Tests and treatments
Paediatric sleep study
What is it?What is it?
Polysomnography is a sleep study that involves one overnight stay for your baby. During this study, sleep, heart rhythm, breathing and oxygen saturation of the blood are checked. It is a completely pain-free test that uses external electrodes.
A sleep study is preferably done from the age of six weeks. If your child was born prematurely, the six weeks are counted from the expected delivery date. Performing the study before that is not meaningful, since breathing and heart rhythm may still be irregular due to immaturity.
Test procedureTest procedure
- The sleep study takes place at the Paediatrics Department. You can stay overnight with your baby. You will be provided with breakfast on the ward in the morning.
- The study starts around 9pm and finishes at 6am.
- We try to ensure that your baby sleeps at least six hours. That is why it is necessary to leave the baby in the cot as much as possible.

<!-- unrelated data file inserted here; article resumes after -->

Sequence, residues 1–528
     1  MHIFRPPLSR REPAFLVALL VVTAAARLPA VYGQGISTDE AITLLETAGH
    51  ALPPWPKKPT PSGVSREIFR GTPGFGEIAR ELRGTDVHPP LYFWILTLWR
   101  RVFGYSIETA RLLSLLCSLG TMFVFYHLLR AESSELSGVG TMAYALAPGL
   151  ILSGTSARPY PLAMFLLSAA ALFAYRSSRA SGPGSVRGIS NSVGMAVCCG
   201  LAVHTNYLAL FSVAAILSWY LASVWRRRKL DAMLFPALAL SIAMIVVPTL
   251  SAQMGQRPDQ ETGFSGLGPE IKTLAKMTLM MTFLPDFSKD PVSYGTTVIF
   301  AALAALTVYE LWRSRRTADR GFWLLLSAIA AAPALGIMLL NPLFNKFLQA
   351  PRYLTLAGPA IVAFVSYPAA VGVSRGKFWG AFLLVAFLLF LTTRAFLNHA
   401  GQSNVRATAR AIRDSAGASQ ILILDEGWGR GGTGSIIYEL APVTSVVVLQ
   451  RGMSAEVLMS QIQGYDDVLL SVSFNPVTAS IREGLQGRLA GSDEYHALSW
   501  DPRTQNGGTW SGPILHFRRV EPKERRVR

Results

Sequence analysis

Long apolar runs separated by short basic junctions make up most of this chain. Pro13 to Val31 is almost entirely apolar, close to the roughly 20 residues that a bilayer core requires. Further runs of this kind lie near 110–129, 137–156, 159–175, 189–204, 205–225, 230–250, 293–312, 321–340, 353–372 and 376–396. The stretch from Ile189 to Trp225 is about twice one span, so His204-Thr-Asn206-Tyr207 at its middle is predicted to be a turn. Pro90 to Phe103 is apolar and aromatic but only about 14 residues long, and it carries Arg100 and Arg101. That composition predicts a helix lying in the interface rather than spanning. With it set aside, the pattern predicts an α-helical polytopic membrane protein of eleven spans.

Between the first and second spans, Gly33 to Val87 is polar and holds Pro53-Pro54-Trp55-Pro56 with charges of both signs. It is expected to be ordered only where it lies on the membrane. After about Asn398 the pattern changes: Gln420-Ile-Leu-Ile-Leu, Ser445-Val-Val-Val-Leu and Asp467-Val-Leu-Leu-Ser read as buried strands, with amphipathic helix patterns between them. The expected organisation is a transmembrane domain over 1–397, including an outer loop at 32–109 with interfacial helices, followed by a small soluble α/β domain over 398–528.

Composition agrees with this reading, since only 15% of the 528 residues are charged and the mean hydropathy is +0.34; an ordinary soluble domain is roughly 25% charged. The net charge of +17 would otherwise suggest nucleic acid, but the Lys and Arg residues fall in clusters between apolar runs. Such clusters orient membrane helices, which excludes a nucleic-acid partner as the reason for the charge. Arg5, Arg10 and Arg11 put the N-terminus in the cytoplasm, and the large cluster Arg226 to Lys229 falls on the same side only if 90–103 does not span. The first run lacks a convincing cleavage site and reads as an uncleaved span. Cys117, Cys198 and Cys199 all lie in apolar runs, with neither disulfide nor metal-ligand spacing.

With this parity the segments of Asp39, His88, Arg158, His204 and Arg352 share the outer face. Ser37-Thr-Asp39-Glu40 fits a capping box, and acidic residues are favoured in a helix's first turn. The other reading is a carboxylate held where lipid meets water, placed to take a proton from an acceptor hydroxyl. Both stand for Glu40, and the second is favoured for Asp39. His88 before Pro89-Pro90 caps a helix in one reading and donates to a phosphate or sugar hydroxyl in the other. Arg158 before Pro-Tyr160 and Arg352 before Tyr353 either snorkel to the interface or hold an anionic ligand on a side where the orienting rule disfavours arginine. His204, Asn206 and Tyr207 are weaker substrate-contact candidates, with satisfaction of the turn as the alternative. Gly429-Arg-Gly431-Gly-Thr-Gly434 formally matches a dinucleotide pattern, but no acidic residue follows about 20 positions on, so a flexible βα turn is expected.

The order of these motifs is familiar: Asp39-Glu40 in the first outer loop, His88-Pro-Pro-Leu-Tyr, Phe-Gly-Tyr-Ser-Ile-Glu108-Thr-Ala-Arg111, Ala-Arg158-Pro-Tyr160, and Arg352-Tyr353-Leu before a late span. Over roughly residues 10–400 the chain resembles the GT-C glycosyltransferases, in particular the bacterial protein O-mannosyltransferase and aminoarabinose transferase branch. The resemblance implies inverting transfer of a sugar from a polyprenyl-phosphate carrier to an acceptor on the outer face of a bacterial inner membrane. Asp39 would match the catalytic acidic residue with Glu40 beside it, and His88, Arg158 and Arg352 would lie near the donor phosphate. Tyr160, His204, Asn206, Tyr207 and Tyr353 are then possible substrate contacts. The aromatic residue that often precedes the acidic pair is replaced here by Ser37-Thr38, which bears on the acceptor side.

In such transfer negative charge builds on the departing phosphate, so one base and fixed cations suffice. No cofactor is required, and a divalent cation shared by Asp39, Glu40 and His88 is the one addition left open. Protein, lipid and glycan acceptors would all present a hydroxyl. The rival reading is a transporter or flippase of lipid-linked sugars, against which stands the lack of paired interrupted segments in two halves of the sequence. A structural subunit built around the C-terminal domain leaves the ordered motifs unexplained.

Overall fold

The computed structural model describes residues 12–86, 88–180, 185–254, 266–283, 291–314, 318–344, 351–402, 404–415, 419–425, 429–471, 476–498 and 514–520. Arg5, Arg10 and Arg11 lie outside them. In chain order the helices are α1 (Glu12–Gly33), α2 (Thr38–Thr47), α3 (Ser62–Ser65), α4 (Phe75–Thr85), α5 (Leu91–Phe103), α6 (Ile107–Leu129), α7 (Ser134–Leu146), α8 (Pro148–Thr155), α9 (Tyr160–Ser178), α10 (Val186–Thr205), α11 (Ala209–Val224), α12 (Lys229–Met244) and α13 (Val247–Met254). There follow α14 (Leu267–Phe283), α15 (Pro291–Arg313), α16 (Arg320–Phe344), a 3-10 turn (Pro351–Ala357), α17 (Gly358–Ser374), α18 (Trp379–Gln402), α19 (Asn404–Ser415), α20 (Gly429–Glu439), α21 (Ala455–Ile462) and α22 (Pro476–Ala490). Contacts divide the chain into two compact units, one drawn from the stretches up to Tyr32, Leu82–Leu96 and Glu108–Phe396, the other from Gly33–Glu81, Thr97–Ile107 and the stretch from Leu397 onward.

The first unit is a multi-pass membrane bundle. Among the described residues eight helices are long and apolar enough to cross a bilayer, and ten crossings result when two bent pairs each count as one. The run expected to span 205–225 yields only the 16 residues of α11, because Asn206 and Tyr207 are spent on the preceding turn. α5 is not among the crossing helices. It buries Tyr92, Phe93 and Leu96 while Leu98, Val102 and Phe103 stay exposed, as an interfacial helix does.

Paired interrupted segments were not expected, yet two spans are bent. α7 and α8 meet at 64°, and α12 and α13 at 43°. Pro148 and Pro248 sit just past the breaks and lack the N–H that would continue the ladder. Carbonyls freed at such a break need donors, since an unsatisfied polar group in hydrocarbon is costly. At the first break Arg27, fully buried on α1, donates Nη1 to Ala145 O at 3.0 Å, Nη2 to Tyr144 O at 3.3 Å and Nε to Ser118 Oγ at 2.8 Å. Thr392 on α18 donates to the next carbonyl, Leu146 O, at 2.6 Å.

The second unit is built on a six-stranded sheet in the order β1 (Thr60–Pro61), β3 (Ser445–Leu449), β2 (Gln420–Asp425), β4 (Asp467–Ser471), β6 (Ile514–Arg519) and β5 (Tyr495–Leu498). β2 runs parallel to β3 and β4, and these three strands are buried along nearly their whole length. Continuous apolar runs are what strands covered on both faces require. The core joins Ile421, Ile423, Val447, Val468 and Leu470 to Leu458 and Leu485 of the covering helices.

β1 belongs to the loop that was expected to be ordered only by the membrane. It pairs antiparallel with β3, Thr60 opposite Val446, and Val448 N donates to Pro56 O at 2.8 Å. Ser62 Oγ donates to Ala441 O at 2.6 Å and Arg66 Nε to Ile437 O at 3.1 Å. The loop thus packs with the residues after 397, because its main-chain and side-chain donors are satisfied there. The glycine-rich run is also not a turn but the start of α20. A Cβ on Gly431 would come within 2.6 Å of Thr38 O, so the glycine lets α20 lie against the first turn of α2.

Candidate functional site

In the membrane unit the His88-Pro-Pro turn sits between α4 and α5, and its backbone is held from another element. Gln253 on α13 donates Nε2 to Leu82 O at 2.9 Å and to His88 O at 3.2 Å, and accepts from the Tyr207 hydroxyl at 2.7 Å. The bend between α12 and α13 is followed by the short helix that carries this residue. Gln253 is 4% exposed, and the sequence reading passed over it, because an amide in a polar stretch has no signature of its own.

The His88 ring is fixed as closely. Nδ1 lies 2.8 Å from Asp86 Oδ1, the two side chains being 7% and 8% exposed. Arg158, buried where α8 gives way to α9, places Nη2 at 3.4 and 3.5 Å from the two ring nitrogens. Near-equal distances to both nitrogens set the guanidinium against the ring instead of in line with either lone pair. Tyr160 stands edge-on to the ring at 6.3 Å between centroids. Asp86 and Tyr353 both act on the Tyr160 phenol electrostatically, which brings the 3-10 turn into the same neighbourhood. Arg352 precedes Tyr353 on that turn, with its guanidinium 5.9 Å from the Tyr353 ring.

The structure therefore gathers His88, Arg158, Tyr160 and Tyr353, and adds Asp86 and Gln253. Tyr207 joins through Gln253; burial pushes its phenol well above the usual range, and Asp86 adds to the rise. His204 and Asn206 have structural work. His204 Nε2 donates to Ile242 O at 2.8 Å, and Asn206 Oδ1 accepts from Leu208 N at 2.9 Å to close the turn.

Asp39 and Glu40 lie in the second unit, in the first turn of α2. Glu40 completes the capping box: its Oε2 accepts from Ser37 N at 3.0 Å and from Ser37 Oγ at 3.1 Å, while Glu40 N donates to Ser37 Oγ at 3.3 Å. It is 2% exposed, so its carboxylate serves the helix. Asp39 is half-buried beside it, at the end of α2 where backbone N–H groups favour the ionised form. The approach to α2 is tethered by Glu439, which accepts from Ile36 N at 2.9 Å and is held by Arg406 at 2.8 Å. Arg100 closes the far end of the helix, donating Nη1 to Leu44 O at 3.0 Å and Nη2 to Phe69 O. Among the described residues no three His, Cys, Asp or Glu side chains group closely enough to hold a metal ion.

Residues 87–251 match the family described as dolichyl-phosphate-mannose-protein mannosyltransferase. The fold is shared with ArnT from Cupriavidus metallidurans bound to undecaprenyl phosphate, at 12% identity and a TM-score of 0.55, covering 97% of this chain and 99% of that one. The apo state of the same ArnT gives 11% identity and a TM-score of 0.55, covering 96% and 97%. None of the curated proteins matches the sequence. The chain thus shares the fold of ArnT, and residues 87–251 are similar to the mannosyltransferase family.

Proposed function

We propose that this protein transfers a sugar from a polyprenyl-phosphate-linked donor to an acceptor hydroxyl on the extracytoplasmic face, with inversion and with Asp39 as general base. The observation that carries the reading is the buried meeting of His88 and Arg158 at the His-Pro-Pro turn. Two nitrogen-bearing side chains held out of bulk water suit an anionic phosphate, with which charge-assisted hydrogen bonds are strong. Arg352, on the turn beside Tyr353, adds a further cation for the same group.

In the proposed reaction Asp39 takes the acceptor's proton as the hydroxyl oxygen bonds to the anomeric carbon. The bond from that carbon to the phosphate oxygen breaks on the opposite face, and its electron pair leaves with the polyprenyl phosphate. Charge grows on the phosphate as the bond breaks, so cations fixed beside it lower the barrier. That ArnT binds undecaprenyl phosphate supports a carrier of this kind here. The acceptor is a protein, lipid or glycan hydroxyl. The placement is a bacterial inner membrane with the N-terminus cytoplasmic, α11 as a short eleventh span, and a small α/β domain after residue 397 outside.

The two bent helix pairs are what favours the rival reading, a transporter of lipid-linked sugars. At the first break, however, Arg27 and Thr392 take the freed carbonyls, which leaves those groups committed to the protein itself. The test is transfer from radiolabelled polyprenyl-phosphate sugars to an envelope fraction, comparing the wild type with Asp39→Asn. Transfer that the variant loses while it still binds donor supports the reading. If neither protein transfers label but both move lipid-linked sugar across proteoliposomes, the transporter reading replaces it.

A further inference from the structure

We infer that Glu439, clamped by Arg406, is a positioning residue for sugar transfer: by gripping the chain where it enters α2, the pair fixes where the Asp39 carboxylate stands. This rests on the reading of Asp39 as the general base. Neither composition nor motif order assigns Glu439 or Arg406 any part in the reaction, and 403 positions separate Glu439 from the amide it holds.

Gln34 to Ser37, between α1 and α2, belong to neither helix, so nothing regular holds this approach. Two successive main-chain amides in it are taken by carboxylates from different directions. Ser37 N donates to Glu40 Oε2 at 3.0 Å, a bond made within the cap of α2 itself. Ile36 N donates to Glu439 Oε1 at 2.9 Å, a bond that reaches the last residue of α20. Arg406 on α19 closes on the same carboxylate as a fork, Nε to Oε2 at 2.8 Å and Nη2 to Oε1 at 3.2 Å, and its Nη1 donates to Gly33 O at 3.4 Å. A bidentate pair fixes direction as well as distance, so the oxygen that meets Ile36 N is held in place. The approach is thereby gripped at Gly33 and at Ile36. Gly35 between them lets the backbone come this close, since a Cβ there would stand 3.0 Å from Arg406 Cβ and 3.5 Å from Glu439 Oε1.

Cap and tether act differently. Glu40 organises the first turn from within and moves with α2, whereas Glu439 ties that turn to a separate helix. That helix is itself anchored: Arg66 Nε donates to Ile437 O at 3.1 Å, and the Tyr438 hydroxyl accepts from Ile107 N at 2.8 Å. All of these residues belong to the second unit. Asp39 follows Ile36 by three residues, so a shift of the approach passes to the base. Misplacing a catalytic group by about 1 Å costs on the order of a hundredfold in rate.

- Only external electrodes and sensors are used. The electrodes are connected to a portable device. This enables you to pick up the baby to feed them, change their nappy, etcetera. More information about these electrodes can be found in the leaflet below.
Things to think about
- To allow for a correct interpretation of the test, your child must be in good health during the sleep study. If your child shows symptoms of a cold or other illness in the week before the study, please contact the paediatrician. The physician will decide whether to go ahead with the study or postpone it.
- On the day of admission, do not use any oil-based products, body lotion or creams to prevent the electrodes from slipping off during the study.
The result of the study cannot be communicated immediately. Once the sleep study is completed, we need to check and interpret all recordings first. You will be contacted within one week to discuss the results.
See the leaflet below for more information.
Only available in Dutch:
Centres and specialist areasCentres and specialist areas
Latest publication date: 14/12/2022
Supervising author: Dr Degraeuwe Jelle